Every Bitter Thing
853 Broadway, NY, NY 10003
9781569479988 $14.00 sohopress.com
On the opening page of Leighton Gage's newest book, the fourth in his series featuring the Brazilian Chief Inspector Mario Silva, the reader is introduced to Jonas Palhares, a petroleum engineer who is very soon after brutally murdered in his Ipanema apartment. This is but one of several murders committed in the same manner, and with the same weapons. A famous social psychologist is soon found dead in Sao Paulo State. But when the next victim is the son of the Venezuelan foreign minister and former ambassador to Brazil, the political implications become quickly obvious, and the investigation goes into high gear.
Silva, chief inspector for criminal matters with the Federal Police, is described as "a repository of totally useless information," but self-described as possessing "occasionally amazing instances of insight. He teams up with the head of the Brasilia civil police, as well as his usual team members, including Arnaldo Nunes and Haraldo "Babyface" Goncalves, known as the Federal Police's Lothario. The body count rises, and the cops are frustrated by the fact that there seems to be no common denominator among the victims.
The author provides another glimpse into a world and a country with which this reader and I suspect many others are unfamiliar [despite my having traveled there twice, but I'm pretty sure tourism doesn't count]. We are given examples of ". . . how things work in this country . . . how the rich and powerful get justice and the rest of us can go to hell." The investigation proceeds rapidly to try to find the killer before more bodies appear, and the ending is as logical as it is startling. A thoroughly satisfying novel, and recommended.
1230 Sixth Ave., NY, NY 10020
9780743296749 $26.00 800-223-2336, simonandschuster.com
On the very first page of the prologue to "Damage Control," the terrific new book by Denise Hamilton, the reader meets high school student Maggie Weinstock. Fast forward sixteen years: Maggie is now Maggie Silver, divorced, and 33 years old. The crux of the plot stems from that earlier time frame, when Maggie, in her first two years of high school, met the Paxtons, who became the "golden ones" in her young life. Before "BFF" became part of the vernacular, their daughter, Anabelle, was that and more - she was everything Maggie admired and, to some extent, envied. And her good-looking brother, Luke, was a Surf God.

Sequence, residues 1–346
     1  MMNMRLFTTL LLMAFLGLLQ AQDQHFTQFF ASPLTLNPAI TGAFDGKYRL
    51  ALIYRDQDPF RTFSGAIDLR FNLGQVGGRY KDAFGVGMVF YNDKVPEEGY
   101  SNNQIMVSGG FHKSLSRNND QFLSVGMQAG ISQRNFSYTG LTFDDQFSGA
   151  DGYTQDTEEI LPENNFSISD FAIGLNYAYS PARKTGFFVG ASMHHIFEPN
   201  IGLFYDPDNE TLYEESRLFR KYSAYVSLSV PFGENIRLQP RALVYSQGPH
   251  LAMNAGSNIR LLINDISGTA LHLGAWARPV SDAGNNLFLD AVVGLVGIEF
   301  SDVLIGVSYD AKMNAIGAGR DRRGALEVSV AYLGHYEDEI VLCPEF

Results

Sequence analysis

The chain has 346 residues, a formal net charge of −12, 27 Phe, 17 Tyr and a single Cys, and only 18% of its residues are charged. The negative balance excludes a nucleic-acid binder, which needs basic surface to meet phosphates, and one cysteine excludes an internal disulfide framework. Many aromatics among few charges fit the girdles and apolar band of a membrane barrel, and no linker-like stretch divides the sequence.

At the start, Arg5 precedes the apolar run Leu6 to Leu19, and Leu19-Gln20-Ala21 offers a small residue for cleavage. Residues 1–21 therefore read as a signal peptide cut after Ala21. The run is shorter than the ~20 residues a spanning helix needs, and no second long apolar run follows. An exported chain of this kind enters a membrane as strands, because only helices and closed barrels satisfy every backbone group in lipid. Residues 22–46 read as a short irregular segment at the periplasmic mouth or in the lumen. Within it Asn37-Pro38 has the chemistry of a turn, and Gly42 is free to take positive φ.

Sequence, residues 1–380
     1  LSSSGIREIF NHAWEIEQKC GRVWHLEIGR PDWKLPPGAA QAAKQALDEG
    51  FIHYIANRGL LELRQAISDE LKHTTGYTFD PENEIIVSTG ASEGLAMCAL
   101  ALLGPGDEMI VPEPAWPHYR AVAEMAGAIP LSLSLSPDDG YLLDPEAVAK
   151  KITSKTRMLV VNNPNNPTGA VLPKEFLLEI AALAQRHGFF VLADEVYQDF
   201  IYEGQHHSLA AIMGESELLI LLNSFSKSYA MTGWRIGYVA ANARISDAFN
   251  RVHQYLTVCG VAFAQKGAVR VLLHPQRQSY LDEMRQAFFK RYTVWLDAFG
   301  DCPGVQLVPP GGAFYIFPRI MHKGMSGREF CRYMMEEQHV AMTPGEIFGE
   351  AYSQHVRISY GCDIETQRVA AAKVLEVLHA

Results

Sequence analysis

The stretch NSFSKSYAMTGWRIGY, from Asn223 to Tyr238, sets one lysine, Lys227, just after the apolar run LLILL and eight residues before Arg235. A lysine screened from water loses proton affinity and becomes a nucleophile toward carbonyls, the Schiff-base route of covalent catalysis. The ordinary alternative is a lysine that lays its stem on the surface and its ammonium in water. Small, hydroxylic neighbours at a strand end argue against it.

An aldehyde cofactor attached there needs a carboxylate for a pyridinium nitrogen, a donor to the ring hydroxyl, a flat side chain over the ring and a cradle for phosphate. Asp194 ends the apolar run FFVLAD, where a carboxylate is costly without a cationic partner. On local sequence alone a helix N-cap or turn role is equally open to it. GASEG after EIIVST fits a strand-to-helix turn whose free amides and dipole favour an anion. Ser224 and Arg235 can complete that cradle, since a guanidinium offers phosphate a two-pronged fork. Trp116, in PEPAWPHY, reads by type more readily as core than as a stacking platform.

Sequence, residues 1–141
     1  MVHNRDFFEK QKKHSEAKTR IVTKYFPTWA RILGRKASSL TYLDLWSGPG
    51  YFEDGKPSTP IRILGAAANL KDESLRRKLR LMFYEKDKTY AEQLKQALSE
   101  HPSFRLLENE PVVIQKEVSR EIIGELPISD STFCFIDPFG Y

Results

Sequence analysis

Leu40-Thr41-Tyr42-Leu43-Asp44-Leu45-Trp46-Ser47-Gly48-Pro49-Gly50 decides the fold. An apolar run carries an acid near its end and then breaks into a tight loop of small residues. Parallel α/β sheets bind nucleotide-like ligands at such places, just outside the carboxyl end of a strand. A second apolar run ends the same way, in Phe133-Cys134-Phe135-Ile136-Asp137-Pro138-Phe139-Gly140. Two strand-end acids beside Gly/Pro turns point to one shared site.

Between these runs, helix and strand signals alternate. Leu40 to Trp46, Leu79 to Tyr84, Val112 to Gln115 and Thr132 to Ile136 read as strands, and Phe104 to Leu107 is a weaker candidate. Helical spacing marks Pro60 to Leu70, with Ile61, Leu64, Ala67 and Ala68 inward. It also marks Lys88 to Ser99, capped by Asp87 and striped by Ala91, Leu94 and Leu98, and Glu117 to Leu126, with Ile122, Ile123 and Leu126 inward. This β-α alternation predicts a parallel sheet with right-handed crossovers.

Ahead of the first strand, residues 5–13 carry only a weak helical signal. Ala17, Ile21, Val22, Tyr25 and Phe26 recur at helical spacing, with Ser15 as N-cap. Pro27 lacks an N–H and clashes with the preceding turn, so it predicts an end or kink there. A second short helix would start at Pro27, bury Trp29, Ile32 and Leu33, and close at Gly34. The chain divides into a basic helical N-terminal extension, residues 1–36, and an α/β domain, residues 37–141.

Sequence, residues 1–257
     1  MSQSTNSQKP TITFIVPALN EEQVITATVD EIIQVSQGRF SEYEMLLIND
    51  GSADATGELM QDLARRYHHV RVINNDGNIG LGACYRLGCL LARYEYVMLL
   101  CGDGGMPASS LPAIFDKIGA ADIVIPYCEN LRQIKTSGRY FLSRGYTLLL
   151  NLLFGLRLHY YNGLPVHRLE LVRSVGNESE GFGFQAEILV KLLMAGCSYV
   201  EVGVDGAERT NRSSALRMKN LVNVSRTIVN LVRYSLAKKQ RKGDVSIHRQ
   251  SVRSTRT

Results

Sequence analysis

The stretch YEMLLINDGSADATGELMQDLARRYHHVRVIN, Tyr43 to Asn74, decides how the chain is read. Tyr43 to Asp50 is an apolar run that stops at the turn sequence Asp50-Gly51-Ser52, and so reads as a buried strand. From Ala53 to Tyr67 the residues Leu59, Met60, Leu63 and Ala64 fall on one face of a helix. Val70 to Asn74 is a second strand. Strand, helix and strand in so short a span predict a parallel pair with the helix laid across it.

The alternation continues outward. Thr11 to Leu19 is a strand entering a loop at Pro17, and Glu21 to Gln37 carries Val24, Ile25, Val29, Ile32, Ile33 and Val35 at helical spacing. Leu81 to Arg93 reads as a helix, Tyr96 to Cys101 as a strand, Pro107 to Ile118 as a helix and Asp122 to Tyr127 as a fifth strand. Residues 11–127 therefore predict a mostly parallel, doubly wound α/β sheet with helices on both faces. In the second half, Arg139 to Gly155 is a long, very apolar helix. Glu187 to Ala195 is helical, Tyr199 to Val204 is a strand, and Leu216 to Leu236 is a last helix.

Maggie now works for the top crisis management firm in L.A., doing corporate PR. The newest client to whose case she is assigned is a U.S. Senator with a wife and grown children, a probable candidate for vice president in the next election, whose 23-year-old female aide has been found murdered, in a scenario reminiscent of the one involving Gary Conduit and Chandra Levy a decade ago. The senator is none other than Henry Paxton, Anabelle's father, who had been a father figure and a role model to Maggie all those years ago. Welcome to the wonderful world of "damage control," or spin.
This novel provides a fascinating glimpse, in a schadenfreude way, into a world about which most readers know little. Maggie suspects that her past involvement with the Paxton family is what brought the assignment to her desk. She believes, and tells her colleagues, that no member of that family is capable of murder. The response is that "everyone's capable of murder if you give them the right reason." But she is determined to prove that no member of the family is guilty. The backstory of Maggie's friendship with Anabelle, and how it ended, is the lens through which Maggie views the Paxtons. In the end, it's all about the secrets we keep from one another. As with the earlier books by Ms. Hamilton, comprised of the five books in the Eve Diamond series as well as "The Last Embrace," a standalone, "Damage Control" is thoroughly entertaining, and is recommended.
The Devil's Edge
c/o Little Brown UK
100 Victoria Embankment, London EC4Y 0DY
9781847444790 17.99 BPS littlebrown.co.uk
[This book is presently available only in/through the UK/CA, not yet available in the US]
Devil's Edge is a fairly insular world, defined, geographically at least, by the cliff edges which surround it. This book is, in a similar way, equally circumscribed. As the reader is told on the opening page, "It was one of the drawbacks of living in the countryside. Too much of the outside world intruding. Too many things it was impossible to keep out." In this novel, the outside world, and the aspects of it one would most like to keep out, intrudes in the worst way. On the eastern fringe of the Peak District, in the village of Riddings, in rural Derbyshire, there has been a rash of break-ins. The burglars have been dubbed The Savages by the press. The newest incidents escalate the anxiety when they suddenly turn deadly. The author speaks of the residents having sought sanctuary in the rural haven, noting, however, that "everyone had monsters in their lives." Suspicion turns from looking for an outside group of burglars to someone from within the community, targeting the victims, for reasons far more personal. Recently promoted D.S. Ben Cooper is assigned the investigation. He, particularly, believes it is not the work of The Savages, being much more meticulously planned and leaving no trace of the culprit[s].
D.S. Diane Fry, formerly with the West Midlands Police "in the days before she transferred to yokel...